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Satnews Daily
January 2nd, 2018

Payloads Could Soon Head South from Cape Canaveral

Screen capture of Koreasat-5A launch from Kennedy Space Center
in Florida. Image is courtesy of SpaceX.

James Dean reports once again for Florida Today that the U.S. Air Force has opened a “polar corridor” that would allow certain rockets to launch spacecraft from Cape Canaveral into north-south orbits circling the poles — a development that could add more Florida-based launches to future schedules.

Polar launches have historically been flown from Vandenberg Air Force Base on California’s Central Coast, where a small number of missions each year fly south over the Pacific Ocean toward Antarctica. Cape launches most often head east to send satellites on their way around the equator.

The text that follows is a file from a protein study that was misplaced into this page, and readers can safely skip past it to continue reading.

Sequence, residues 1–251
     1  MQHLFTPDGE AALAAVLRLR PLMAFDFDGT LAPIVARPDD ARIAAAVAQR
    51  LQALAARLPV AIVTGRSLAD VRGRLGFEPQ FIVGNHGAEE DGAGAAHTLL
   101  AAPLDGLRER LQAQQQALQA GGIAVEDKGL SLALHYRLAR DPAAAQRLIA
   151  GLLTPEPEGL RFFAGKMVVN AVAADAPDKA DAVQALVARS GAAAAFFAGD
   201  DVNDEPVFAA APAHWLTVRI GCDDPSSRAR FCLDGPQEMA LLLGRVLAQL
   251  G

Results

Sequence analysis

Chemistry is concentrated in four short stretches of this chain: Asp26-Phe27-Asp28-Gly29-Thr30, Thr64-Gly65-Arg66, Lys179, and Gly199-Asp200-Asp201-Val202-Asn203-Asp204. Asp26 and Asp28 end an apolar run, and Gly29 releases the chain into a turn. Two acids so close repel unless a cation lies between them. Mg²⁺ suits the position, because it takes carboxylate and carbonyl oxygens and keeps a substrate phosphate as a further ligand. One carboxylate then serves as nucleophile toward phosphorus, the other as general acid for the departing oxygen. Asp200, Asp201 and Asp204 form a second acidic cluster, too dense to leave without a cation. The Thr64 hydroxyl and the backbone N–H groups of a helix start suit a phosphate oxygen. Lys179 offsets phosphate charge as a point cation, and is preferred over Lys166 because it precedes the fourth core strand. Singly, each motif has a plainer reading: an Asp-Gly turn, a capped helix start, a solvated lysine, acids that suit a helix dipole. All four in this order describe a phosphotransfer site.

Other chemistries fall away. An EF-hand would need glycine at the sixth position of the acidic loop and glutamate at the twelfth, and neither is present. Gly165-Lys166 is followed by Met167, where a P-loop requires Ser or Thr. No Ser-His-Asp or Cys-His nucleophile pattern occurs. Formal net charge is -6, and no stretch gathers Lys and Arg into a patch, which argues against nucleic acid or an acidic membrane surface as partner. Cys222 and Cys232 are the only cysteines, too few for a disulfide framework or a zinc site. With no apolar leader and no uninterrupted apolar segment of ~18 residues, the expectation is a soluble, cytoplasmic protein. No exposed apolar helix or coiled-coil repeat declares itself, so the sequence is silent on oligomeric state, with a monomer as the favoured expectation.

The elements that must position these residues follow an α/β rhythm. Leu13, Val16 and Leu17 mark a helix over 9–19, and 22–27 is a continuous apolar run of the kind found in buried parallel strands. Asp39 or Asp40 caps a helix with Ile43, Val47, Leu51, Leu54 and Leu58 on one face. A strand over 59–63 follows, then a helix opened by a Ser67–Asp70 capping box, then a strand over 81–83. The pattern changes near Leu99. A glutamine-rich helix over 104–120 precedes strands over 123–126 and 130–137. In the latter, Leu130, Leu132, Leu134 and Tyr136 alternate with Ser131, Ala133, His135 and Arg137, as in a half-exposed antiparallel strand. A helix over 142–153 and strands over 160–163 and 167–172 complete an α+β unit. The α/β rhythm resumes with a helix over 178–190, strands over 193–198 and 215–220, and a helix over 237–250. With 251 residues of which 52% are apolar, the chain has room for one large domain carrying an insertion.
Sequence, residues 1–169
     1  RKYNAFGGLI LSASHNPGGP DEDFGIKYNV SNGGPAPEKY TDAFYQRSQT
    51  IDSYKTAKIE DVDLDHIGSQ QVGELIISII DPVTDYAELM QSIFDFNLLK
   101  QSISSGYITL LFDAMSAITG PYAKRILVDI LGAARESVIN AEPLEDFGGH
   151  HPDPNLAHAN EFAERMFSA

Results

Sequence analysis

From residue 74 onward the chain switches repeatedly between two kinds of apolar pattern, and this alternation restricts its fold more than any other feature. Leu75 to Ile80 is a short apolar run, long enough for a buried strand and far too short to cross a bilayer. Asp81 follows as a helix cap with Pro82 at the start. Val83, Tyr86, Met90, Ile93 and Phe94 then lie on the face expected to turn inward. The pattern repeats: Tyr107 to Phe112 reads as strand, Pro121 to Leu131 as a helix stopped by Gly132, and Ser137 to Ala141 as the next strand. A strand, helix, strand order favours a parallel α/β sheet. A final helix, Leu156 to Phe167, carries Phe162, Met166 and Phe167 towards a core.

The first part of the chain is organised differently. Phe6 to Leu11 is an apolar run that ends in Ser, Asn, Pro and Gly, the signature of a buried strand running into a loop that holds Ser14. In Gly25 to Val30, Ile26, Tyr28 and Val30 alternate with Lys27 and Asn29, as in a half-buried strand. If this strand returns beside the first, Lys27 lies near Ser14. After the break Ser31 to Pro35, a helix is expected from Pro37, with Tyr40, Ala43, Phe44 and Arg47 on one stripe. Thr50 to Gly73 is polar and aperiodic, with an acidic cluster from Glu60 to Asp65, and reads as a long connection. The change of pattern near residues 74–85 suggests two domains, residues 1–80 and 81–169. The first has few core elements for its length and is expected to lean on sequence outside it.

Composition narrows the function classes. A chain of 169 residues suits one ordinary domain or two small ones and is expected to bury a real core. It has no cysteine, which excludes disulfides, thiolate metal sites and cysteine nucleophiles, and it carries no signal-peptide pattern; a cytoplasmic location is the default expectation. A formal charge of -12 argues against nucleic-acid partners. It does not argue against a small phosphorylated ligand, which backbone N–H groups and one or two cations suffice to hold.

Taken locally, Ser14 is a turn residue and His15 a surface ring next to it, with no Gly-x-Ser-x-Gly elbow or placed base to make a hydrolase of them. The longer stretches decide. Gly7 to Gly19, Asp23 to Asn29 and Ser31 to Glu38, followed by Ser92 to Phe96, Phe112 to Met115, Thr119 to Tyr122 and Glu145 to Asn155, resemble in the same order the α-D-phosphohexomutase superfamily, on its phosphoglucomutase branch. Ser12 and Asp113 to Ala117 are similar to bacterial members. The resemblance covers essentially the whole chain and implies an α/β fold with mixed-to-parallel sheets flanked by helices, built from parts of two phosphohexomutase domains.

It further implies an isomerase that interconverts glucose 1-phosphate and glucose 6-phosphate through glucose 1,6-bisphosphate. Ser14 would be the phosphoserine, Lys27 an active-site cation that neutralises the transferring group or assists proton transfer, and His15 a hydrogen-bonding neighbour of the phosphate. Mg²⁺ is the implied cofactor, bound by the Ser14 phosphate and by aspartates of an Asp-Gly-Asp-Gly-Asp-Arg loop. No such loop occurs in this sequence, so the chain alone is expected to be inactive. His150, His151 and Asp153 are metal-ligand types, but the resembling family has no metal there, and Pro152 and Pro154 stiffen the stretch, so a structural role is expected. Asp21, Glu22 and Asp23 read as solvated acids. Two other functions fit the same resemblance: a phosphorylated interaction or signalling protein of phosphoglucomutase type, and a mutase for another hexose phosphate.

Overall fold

Polar trajectories have been avoided since a 1960 Navy launch inadvertently dropped a Thor rocket stage on Cuba, reportedly killing a cow. Now, however, Brig. Gen. Wayne Monteith, commander of the 45th Space Wing, states “We can shoot south.”

No near-term missions plan to use the new polar corridor, but over time, it could lead to more Cape launches and consolidation of the nation’s launch infrastructure. Both the military and commercial launchers could save money by no longer having to maintain and staff infrastructure sites on both coasts.

To read the entire article, please access this direct Florida Today infopage link...